Like the statement made by Sikes before, this statement also hints at that clash in the original battle between good and evil, which occurs later in the book when Nancy is killed. After the clash between Nancy and the others, Nancy looked after Oliver. One night he was sent to rob a house with Sikes, but upon entering through a window, Oliver is shot by the frightened owner. He is nursed back to health by a young lady named Rose Maylie and her mother. In the meantime, Nancy overheard a man called Monks talking to Fagin. He said that Oliver was his young brother and offered Fagin money to get Oliver back and turn him into a thief.
Nancy tells Mr. Brownlow, but is followed and Fagin tells Sikes what she has done. In a manipulative fashion, Fagin persuades Sikes to kill Nancy. When Fagin told Bill of Nancy’s betrayal, he tricked Sikes into loosing all reasoning, stoking him into a fit of absolute rage. In this way, we see that Fagin is the smart, cunning schemer, always fixing things for himself. Fagin plans the crimes, Bill carries them out. ‘Without one pause, or moments consideration; without once turning his head to the right or left… Sikes came to Nancy’s apartment’ The actual murder in Nancy’s apartment was described in great detail.
The grisly way in which Nancy dies shocked the Victorian readers who had never read anything so descriptive. This ‘shock tactic’ caught the attention of everyone and pressed the need of salvation for the poor. After Sikes kills Nancy, he is guilt ridden. When he leaves, he doesn’t take his eyes off her still form under the window. Bull’s-eye walks in Nancy’s blood and leaves bloody prints all over the floor. Here, the dog comes to represent Sikes’ guilt. Not long after, Sikes becomes desperate to get rid of the dog, convinced that the dog’s presence would give him away.
Bill becomes a wanted man, and in a chase across London’s rooftops, Sikes tries to escape the police down the side of a building on a coil of rope. The rope gets caught around his neck and Sikes’ guilt leads him to see Nancy’s cold, dead eyes staring at him. Sikes slips and accidentally hangs himself. In a twist of fate, Bull’s-eye follows Sikes to the grave when he jumps for his master, symbolic of Bill’s guilt following him everywhere. The ultimate dishonor is hanging, and Sikes brings that dishonor apon himself at the end for killing Nancy.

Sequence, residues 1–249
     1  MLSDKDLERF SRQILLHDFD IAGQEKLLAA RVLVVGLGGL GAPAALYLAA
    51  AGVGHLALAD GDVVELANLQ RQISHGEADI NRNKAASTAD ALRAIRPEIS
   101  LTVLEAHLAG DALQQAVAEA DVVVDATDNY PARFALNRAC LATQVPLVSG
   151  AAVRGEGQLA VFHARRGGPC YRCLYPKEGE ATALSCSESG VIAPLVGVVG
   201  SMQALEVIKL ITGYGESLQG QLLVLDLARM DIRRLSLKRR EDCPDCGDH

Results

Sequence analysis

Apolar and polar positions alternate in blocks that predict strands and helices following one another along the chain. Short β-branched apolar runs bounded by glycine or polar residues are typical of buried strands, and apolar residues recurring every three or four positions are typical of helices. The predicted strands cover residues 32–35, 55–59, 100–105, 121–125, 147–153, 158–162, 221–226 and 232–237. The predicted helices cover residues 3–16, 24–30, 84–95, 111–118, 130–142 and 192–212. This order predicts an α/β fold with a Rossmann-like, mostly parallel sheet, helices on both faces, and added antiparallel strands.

Bull’s-eye has to die in the end to close the legacy of damage Bill Sikes left behind him. Dickens chose to kill the dog to get rid of Sikes’ presence completely. Bill Sikes plays a part in this story as the epitome of evil. Dickens included Bill in the story to play the role of the captor, criminal, murderer, and devil. When Bill kills Nancy, good still prevails when Sikes accidentally kills himself and Oliver is found and saved. Again we can see how Dickens wants people to change, in the way that he makes good prevail. Dickens gives the reader hope, just as he had hope that the world would change.
Dickens tries to make people see that they should be good, and help improve the desperate areas of poverty. Dickens personal scars lead him to want for this, and page 145 in the book, he reveals a glimpse of life for him on the streets through Nancy. ‘I thieved for you when I was a child not half as old as this! … I have been in the same trade, and in the same service, for twelve years since… It is my living; and the cold, wet, dirty streets are my home; and you’re the wretch that drove me to them long ago, and that’ll keep me there, day and night, day and night, till I die!
‘ Dickens wants Nancy to be saved from poverty, just like he wanted to be saved from poverty. Dickens and his family were eventually saved from poverty when his grandmother died and they received her inheritance, just like Oliver was saved when Sikes died. Dickens wants to confront poverty, he once wrote that poverty could ‘blacken the soul and change its hue forever’. Charles Dickens just wanted to help make the world a better place. Dickens wrote this novel to make everybody aware of the problems in society, and did the best he could to get people to fix them.